The wheat resistance gene Pm2 has been molecularly isolated by mutant chromosome sequencing (MutChromSeq) and encodes an NLR protein (Sánchez‐Martín et al., 2016). Here we report the cloning of AvrPm2, the cognate Avr of Pm2. We demonstrate specific recognition and strong induction of a typical hypersensitive cell‐death response in transient assays in Nicotiana benthamiana. We show that AvrPm2 belongs to a ribonuclease‐like effector family that is conserved among cereal mildews and structurally different from AvrPm3 a2/f2. We also show that Pm2 recognizes the close homologue BgsE‐5845 from rye powdery mildew, indicating evolutionary conservation of this avirulence effector, and providing the first molecular explanation for functional R gene introgression in cereals.
Blumeria graminis isolates and the progeny from the cross between the Swiss isolate 96224 (mating‐type MAT1‐2) and the British isolate JIW2 (mating type MAT1‐1) were maintained in the haploid asexual phase on detached leaves of the susceptible wheat (Triticum aestivum) cultivar Kanzler on benzimidazole agar as described by Parlange et al. (2011). The near isogenic lines Ulka/8*Chancellor, Federation*4/Ulka and CI12632/8*Chancellor carrying the Pm2 resistance gene were used for phenotyping the progeny (Parlange et al., 2015; Sánchez‐Martín et al., 2016).
High molecular weight DNA of fungal isolates and RNA samples from infected leaves were extracted as previously described (Bourras et al., 2015). RNA samples were extracted from infected leaf material using the Qiagen miRNeasy Mini Kit (Qiagen) according to the manufacturer's instructions. RNA quality was checked by gel electrophoresis and based on the 260 : 280 ratios measured with a spectrophotometer (Nanodrop, Thermo Fisher Scientific, Waltham, MA, USA). The 260 : 280 ratios are available in Supporting Information Table S1. Full‐length cDNA was prepared using the SuperScript III RT kit (Life Technologies) according to the manufacturer's instructions. Molecular cloning of powdery mildew and wheat genes into Gateway‐compatible entry vector was performed using the pENTR/D‐TOPO Cloning Kit (Life Technologies) according to the manufacturer's instructions (list of primers in Table S2). Recombination to the binary vector pIPKb004 was performed as described by Stirnweis et al. (2014). RACE‐PCR cDNA was prepared with the SMARTer RACE cDNA kit (Takara Bio, Shiga, Japan) according to manufacturer's instructions.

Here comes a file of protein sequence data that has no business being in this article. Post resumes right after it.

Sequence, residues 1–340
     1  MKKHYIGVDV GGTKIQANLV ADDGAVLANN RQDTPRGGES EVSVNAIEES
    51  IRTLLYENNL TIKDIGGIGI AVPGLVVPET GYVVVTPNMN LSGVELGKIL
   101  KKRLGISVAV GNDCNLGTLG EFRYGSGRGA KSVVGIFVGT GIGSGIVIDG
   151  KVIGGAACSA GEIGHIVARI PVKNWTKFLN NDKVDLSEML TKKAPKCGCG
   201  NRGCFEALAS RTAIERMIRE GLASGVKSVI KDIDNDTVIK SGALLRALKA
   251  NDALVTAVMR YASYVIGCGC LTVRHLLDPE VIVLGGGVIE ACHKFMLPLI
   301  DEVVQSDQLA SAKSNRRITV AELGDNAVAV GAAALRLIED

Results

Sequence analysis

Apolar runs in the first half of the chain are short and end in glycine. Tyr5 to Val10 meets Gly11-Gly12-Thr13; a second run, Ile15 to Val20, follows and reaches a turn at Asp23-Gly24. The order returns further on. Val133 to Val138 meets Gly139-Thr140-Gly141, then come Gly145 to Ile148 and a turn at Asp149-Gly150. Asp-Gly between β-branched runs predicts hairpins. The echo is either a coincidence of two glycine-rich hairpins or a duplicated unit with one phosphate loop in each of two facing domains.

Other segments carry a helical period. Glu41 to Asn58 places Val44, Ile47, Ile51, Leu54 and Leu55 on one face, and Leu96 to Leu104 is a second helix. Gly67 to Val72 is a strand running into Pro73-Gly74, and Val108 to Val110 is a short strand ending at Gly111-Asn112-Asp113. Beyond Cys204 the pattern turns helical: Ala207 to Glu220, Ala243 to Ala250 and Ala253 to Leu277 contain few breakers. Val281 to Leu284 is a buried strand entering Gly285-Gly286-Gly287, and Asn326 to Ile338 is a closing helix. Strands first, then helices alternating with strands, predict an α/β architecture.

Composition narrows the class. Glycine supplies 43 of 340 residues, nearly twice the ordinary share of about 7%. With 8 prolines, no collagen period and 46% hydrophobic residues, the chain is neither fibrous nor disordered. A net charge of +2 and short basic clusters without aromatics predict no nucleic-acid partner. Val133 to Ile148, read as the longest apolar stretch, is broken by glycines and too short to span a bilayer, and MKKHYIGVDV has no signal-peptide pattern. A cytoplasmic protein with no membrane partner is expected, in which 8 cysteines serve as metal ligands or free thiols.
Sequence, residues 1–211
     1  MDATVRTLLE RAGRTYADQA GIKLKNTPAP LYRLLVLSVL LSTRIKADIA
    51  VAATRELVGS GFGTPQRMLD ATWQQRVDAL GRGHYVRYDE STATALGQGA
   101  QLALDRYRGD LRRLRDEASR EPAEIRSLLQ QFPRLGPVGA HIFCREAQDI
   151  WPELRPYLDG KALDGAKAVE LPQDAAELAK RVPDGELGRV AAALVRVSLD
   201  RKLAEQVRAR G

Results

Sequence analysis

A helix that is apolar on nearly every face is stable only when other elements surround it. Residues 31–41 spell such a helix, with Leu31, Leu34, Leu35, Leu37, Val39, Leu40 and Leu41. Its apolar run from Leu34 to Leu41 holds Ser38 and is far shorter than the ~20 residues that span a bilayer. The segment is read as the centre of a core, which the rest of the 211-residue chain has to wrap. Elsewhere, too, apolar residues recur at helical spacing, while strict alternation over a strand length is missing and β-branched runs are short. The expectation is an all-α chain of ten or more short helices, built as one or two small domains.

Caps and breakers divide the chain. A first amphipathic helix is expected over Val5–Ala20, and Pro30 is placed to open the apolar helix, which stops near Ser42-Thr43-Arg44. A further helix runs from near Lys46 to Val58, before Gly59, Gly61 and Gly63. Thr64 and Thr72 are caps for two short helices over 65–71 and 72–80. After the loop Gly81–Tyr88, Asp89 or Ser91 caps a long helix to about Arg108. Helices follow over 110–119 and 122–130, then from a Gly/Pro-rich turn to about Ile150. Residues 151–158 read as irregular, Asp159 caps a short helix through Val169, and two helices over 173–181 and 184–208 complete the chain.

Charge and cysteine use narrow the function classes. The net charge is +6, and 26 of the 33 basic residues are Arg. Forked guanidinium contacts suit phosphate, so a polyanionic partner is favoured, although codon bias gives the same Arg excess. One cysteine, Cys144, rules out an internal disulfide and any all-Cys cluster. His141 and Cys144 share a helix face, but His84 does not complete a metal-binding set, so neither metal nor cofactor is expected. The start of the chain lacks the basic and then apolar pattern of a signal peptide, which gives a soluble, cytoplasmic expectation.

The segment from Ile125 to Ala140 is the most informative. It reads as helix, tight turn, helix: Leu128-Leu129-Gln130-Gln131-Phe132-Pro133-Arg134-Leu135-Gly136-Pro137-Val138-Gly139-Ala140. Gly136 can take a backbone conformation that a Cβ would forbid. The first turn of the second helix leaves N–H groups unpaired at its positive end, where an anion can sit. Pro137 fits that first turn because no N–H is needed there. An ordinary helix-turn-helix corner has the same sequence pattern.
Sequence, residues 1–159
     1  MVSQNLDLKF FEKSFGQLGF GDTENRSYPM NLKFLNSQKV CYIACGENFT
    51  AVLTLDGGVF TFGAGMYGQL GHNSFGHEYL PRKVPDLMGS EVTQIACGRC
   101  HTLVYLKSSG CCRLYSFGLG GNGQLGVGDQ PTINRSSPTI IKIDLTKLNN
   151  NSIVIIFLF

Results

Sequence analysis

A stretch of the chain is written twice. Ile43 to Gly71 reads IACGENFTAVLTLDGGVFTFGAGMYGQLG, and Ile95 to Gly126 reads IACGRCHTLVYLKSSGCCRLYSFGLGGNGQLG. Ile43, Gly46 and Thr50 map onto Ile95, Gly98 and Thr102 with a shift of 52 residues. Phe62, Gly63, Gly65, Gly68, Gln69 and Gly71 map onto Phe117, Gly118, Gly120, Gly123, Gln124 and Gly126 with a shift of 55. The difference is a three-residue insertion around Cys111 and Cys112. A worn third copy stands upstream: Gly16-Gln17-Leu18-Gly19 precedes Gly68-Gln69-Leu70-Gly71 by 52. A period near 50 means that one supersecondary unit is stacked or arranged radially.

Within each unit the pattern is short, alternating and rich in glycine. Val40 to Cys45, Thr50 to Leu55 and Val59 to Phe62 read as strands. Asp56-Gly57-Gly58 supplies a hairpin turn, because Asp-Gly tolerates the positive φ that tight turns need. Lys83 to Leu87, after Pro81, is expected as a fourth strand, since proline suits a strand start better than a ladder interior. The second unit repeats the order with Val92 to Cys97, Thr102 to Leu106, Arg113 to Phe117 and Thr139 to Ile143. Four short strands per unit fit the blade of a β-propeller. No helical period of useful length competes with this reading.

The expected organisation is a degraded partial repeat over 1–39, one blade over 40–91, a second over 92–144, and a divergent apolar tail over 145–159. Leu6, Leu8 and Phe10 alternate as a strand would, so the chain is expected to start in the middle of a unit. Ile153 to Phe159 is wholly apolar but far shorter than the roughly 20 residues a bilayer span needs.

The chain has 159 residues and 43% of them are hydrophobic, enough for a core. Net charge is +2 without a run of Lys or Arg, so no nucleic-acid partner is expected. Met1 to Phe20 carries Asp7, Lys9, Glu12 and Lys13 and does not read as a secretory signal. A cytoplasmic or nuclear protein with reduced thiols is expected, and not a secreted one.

Genetic maps were constructed with Kompetitive Allele‐Specific PCR (KASP) markers as described by Bourras et al. (2015). We produced a consensus linkage group containing the AvrPm2 locus as described by Bourras et al. (2015). For fine mapping, additional markers were designed on single nucleotide polymorphisms (SNPs) predicted between the parental sequences and genotyped by direct Sanger sequencing of PCR amplicons, or by using a cleaved amplified polymorphic sequence (CAPS) marker. To genetically anchor the genes identified by collinearity between wheat and barley powdery mildew to our genetic map, SNPs located in or near those genes were scored by direct Sanger sequencing of PCR amplicons. To validate co‐segregation of BgtE‐5845 with AvrPm2, presence/absence markers were designed on and near the gene and tested by PCR. All markers/primers used for genetic mapping are listed in Table S3.